With the season 8 finale of The Walking Dead coming so close to being aired, I find myself thinking about how the series will end. Maybe there will be an epic attempt at a feminist reworking of the final scene in The Wild Bunch, whose finale had a quartet of male anti-heroes taking on impossible odds. The below image put my mind in that peculiar direction. It might not be those four women. It might be a mixture of women from a quartet of different communities – Alexandria, Hilltop, The Kingdom and Oceanside. On a more subtle note, I’ve mostly been thinking about how the series finale will instigate confusion-riddled argumentation that draws comparisons with The Sopranos (i.e. a protagonist before he may or may not get killed). Lauren Cohan, the actress who plays Maggie Greene, compared the season 6 finale to that. The only way that such a comparison could be justified would be if it was revealed in the season 7 opener that Negan bludgeoned Rick to death.
Picking him off would’ve reflected what may be true – Andrew Lincoln supposedly wanting to leave the series before it ends. Such a choice in victim would’ve justified a cliffhanger because most people would’ve thought that the series was coming to an end if they saw Rick get it in the season 6 finale. Fans may argue that you can’t kill the show’s soul, but that didn’t stop Scott Gimple (the current showrunner) in killing off Rick’s son in season 8. Actually, killing Carl off in the season 7 opener would’ve been more unpredictable and bestowed a layer of chilling menace to Negan’s remark about Rick losing his right-hand man. Before the season 7 opener, I predicted that Enid would replace Carl’s place in the comics. That will only become a full-fledged idea in the next season and onwards. That’s if the below TV ratings don’t indicate that the series finale will be the season 9 finale. The fact that there will be a new showrunner means nothing when there could’ve been a new one for season 8.
The horizontal line going through the ratings represents 10 million viewers. Season 7’s ratings makes me think that Pollyanna McIntosh was cast because of her resemblance to Milla Jovovich. The ratings make me wish that the series had a different showrunner per season quota since it would reflect the initial gimmick of each season having its own environment (e.g. city, farm, prison, etc.) as well as reflecting how Tom Cruise made the Mission: Impossible film franchise so fresh by having different directors. After the decline in ratings circa season 6, Scott Gimple should’ve been replaced by Vince Gilligan. When season 7’s ratings turned out to be mostly worse than before, there was always the pride-swallowing option of bringing back Frank Darabont, who was the reason why most people became interested and then invested in the series. It was probably the reason why the first cast members joined. It was actually him who is responsible for the series existing.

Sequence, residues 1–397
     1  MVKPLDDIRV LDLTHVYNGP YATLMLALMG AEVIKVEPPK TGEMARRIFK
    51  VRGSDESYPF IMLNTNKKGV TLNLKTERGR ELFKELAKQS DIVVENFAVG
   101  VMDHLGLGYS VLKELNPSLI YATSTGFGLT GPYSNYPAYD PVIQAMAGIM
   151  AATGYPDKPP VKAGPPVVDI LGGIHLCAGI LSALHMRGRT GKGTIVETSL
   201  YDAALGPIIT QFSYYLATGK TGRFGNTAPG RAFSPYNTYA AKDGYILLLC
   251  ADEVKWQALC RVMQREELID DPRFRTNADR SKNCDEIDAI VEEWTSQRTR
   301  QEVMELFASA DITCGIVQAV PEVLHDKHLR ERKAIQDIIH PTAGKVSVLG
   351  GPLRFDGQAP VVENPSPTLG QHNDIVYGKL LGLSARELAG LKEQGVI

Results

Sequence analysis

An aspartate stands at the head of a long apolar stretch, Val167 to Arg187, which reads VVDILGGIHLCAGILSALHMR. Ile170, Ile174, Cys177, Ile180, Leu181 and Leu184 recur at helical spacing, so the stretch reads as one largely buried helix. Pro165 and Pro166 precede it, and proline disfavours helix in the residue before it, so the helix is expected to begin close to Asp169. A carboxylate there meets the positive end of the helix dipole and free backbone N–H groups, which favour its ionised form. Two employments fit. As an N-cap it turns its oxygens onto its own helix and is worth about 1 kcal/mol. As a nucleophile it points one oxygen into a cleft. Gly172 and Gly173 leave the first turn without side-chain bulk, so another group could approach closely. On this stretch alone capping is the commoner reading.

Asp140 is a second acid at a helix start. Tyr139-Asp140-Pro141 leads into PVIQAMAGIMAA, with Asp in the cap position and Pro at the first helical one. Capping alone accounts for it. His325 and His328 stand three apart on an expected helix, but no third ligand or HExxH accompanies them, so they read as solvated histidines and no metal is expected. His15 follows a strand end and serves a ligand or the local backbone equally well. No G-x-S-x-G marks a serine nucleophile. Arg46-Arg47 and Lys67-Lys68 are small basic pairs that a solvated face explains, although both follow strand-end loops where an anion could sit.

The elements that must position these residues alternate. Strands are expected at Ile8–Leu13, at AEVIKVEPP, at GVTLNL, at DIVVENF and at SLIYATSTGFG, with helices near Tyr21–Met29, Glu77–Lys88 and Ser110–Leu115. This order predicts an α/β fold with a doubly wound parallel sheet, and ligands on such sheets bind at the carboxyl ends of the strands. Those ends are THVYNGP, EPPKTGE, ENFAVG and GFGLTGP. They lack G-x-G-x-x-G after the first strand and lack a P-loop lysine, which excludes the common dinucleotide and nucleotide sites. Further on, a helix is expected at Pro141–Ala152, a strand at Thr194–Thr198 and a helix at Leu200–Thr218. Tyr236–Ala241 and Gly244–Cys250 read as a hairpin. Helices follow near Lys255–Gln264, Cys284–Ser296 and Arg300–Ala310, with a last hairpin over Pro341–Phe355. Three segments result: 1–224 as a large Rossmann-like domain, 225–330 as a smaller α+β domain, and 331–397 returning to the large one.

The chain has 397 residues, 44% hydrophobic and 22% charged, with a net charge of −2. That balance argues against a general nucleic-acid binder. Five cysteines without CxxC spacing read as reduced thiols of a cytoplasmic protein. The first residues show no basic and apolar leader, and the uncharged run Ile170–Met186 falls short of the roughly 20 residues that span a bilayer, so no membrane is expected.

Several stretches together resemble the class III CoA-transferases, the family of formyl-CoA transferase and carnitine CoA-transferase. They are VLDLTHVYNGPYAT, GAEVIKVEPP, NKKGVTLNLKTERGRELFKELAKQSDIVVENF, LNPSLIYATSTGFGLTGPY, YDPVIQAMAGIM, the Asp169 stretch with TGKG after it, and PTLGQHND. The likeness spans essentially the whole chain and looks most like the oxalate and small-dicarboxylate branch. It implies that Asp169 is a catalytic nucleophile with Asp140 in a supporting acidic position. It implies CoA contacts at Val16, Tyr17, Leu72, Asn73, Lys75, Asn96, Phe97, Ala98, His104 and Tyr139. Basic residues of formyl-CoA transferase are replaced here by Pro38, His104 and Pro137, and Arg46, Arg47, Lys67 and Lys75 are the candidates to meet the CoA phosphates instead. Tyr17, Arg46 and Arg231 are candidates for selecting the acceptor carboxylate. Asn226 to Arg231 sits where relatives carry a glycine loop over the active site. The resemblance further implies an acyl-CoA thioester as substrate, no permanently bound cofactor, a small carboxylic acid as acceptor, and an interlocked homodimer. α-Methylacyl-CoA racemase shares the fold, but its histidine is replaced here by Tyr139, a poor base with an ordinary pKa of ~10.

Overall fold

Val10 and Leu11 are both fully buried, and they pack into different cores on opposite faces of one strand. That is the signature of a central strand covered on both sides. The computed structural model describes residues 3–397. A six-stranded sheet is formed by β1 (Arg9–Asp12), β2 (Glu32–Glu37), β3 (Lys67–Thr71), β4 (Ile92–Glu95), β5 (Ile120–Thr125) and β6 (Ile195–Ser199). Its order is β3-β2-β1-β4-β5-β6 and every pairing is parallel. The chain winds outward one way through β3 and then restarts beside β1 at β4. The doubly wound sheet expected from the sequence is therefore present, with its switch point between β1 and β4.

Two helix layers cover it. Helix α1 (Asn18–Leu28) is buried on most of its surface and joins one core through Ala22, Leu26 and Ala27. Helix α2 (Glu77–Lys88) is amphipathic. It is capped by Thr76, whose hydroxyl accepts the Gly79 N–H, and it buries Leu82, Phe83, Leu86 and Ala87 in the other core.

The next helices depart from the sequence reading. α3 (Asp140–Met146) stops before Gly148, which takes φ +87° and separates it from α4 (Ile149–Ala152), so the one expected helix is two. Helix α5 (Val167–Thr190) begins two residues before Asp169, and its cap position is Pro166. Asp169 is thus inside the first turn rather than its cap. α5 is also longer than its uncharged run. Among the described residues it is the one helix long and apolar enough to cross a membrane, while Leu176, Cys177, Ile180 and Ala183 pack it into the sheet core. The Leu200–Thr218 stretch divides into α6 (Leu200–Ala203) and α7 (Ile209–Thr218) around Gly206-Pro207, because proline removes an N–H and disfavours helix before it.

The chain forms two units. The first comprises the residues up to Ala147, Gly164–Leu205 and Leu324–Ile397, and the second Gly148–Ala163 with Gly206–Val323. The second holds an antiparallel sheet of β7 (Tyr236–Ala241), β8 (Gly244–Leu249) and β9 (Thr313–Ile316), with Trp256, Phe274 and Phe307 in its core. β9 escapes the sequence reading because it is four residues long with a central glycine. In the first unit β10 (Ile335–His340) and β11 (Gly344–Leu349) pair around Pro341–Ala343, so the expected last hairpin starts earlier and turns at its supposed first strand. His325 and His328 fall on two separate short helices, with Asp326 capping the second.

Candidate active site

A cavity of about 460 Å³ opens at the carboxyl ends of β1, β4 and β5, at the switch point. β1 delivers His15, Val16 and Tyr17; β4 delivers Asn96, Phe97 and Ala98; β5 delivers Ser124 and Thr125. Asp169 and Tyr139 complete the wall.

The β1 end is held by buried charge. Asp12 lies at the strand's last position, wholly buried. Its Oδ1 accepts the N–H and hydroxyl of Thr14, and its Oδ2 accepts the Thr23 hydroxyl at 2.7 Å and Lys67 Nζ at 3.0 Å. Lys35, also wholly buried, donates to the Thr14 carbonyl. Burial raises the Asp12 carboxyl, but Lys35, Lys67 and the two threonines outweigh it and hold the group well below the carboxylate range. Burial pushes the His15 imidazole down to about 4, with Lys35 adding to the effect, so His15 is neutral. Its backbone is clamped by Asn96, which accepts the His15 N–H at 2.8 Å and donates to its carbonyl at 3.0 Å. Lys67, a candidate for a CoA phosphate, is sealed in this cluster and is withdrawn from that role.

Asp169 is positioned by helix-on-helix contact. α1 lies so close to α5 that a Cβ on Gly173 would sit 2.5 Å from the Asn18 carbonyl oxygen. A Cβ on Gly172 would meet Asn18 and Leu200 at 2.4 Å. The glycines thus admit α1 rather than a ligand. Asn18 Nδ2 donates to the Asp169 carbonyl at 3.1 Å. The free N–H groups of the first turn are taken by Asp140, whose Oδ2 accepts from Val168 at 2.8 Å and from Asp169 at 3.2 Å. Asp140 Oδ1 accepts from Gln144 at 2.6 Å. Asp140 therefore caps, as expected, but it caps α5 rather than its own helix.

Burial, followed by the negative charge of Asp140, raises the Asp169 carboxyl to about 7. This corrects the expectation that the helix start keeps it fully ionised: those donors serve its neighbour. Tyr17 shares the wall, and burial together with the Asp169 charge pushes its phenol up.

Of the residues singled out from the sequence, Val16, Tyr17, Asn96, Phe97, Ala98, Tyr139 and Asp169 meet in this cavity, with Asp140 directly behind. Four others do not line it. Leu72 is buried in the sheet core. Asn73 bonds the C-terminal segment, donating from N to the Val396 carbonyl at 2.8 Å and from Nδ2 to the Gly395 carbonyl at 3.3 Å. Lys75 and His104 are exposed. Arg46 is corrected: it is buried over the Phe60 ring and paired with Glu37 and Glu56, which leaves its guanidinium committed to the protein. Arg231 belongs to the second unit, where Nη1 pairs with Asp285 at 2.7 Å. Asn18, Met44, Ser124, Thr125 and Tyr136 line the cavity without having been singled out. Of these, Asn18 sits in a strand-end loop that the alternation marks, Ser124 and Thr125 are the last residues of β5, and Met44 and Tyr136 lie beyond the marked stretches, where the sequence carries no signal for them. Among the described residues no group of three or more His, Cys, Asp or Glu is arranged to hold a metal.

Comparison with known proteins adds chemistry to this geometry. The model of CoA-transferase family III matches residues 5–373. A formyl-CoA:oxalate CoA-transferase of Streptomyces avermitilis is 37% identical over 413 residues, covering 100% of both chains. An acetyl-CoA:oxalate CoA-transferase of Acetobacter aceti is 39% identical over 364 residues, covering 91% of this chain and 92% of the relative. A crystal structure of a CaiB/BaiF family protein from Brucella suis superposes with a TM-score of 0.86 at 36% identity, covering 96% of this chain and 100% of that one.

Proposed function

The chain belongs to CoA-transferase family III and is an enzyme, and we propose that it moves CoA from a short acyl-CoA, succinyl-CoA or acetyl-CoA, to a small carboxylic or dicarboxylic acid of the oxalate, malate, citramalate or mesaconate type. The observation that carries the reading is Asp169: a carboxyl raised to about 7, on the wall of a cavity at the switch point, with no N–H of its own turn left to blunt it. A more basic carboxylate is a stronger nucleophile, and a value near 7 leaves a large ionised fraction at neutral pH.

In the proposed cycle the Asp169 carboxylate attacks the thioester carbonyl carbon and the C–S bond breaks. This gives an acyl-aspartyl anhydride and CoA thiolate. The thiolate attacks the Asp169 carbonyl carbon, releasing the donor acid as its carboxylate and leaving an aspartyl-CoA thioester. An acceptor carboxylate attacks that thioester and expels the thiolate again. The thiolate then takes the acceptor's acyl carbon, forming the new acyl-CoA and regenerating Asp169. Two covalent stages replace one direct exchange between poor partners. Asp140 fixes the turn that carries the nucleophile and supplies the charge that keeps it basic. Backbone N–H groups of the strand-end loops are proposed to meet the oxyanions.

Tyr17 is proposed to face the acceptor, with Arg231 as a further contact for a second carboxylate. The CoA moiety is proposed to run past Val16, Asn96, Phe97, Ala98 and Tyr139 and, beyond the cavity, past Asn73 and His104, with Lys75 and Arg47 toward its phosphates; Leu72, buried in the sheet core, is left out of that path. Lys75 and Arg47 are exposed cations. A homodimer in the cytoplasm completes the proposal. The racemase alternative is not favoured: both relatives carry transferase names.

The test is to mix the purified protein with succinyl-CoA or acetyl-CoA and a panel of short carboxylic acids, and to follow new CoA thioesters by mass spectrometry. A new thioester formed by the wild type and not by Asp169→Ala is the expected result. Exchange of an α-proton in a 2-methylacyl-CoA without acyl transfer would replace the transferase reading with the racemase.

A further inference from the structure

As for why he chose to leave after filming several scenes for season 2 (over a dozen minutes for the original premiere became deleted scenes), it was because the network (AMC) wanted to keep as much money as possible to themselves. They weren’t really in a bind for budgeting, especially with all the tax breaks which they were pocketing. Cutting the budget by approximately 35% was just so that they could be seen as more impressive than they were in terms of the broad ratio between recoup and ratings. You have to feel sorry for a great deal of the cast and the crew who were given a raw deal in that they weren’t allowed to express their creativity in a broader canvas (regardless of what the studio excuse-makers say about how the smallest brush-strokes make a bigger picture). In fact, there have been many workers on the series who were threatened to not speak out over what truly happened.
His plan was for the second season to start with a bang in the form of a flashback massacre that re-introduces some of the key characters. This would’ve served as a hook for newcomers to see the series. The soldiers have travelled for a dozen blocks but the scenario goes from secured city to insecure platoon. This would be akin to the first battle in James Cameron’s Aliens. Along the way, the ragteam team of soldiers encounter some familiar faces from the first season. The squad arrive at a manned barricade where some civilians are being held back from leaving the city on shoot-to-kill orders to stop the spread of contagion. In this crowd of desperate people, we see Andrea and Amy. The barricade gunners panic, the civilians start to get mowed down by machine gun fire, and the girls get pulled to safety by some old guy who they don’t even know. It’s Dale. He’s nobody to them, just some guy who saw the opportunity to do the right thing and reacted in the moment.
The first reel (or the cold open) would serve as a reminder to the dead soldier who we saw in the tank. The significance is that the first part of the premiere is seen from his POV. The end of the cold open would be a reprise of the scene from season one where Rick saw the dead soldier in the tank. This makes me think that there would’ve been a future season being set at a military base. Such a setting would be ripe for war subtext, sight gags and puns. It just seems that the TV network only wanted Frank Darabont as the showrunner for the first season so as to appeal to not just fans of The Green Mile and The Shawshank Redemption but also The Mist – all adaptations of Stephen King’s work. The unstated implication is that Robert Kirkman is as worthy of being adapted as Mr. King. Most of all, Darabont already had horror cred because of his co-screenwriter credits on A Nightmare on Elm Street 3: Dream Warriors, The Blob and The Fly II.